Worse yet: investment in listed African companies, which have lost 21% over the past five years (see chart below), have seen divestments massive . That is to say, capital repatriations to the United States, the United Kingdom and Europe since 2014. However, these repatriations were only too weakly compensated for by purchases from local institutions, which are small in size.
The same goes for bond issues issued by African companies. The amounts invested in these bonds by international investors are miserable worldwide.
Why then target Mauritius via the “Mauritius Leaks” ? On the contrary, the island offers relatively reassuring ( can even in some cases reduce the risk of expropriation, which is a very real risk in Africa ) and tax efficient for investors on the African continent.
2) Mauritius has been cooperating internationally for years
You should know, for example, that the OECD validates systematically all changes to Mauritius tax rules.
On the one hand in terms of information exchange concerning tax residency. Subject to Common Reporting Standards with Europe in particular and to FATCA with the United States.
On the other hand in terms of BEPS ( Base Erosion and Profit Shifting ), which is gradually forcing multinationals not to transfer their profits to where taxes are lowest. This following an agreement signed by Mauritius and 68 other countries at the headquarters of the OECD on July 5, 2017.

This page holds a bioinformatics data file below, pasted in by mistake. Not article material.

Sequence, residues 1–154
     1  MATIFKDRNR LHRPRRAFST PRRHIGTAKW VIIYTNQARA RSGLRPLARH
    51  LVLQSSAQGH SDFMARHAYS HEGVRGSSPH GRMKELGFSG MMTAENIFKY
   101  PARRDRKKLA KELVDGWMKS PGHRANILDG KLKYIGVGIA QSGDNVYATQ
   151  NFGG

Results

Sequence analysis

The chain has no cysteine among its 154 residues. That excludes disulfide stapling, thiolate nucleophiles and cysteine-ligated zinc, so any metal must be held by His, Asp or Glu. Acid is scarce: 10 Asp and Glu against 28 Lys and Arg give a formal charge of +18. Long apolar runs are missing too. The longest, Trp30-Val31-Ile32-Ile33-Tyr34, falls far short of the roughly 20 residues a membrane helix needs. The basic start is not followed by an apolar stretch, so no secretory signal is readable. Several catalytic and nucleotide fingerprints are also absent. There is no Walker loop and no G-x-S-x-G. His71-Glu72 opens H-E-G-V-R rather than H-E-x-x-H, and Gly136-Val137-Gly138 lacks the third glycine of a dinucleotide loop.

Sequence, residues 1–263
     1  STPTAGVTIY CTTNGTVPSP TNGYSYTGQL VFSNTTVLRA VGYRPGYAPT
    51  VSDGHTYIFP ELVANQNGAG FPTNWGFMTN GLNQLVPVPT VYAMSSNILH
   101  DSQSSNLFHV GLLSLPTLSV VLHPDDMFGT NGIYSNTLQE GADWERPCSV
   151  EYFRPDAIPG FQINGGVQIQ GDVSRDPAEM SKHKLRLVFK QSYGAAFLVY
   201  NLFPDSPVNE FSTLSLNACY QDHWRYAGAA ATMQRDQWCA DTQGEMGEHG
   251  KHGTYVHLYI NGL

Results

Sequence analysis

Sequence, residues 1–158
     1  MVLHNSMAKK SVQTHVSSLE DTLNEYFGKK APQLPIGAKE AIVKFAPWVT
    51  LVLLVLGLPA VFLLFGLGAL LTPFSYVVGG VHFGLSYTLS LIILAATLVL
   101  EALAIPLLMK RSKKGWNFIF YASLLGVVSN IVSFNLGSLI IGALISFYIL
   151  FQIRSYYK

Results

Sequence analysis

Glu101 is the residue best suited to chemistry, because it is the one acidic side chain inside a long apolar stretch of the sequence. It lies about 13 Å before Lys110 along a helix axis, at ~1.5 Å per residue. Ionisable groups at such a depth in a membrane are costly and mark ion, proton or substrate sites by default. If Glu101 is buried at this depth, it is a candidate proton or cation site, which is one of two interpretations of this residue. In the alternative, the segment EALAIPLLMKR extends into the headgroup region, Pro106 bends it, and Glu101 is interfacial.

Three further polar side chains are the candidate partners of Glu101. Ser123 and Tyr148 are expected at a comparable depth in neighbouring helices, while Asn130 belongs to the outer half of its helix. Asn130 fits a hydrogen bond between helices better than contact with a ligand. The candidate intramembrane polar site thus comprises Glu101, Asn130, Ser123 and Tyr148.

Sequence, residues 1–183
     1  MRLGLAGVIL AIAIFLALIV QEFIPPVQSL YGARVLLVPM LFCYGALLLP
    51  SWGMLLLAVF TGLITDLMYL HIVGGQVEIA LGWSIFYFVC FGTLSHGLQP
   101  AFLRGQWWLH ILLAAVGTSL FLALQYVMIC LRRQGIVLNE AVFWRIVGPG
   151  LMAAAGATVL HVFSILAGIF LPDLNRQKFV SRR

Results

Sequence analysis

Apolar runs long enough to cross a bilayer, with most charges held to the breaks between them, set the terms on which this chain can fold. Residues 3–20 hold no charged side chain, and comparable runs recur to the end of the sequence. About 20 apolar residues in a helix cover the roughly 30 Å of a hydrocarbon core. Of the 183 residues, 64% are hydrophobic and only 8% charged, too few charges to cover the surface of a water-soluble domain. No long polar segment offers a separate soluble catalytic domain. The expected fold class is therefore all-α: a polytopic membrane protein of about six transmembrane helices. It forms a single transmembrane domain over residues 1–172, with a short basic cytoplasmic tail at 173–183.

3) Africa is a continent where it is complicated to run businesses
Indeed, the sum of obstacles is there considerable :
- red tape
- mostly poorly educated workforce
- low purchasing power
- outdated infrastructure
- multiple borders
In other words, the investment costs are there very high , compared to Asia or South America.
If, after having succeeded in facing all these difficulties which increase your production costs, you were to pay a large part of your profits in taxes in addition, almost no one would invest in it!
For information, here are the tax rates of some African countries. South Africa 28%, Kenya, Tanzania, Uganda 30%, Zambia, DRC, Guinea 35%. All superiors the average corporate tax rate around the world of 23%.
Our conclusion about the Mauritius Leaks
Our deep conviction is therefore that a possible increase in tax rates will further reduce investment to the African continent. And this will only exacerbate the economic problems there. We know that they inevitably lead to massive emigration to Europe.
We therefore believe that the conclusion of the ICIJ, Quartz and Oxfam, by targeting Mauritius, is biased and even malicious .
The island is playing today a preponderant role as a facilitator for global investments to Africa. Tackling Mauritius is like replacing the tires of a vehicle with a broken engine. ..
But then, who made the decision to attack Mauritius in 2019 with the Mauritius Leaks?
The answer seems to us to be: those who think they will benefit from it . Clearly, however, this is neither Mauritius nor Africa.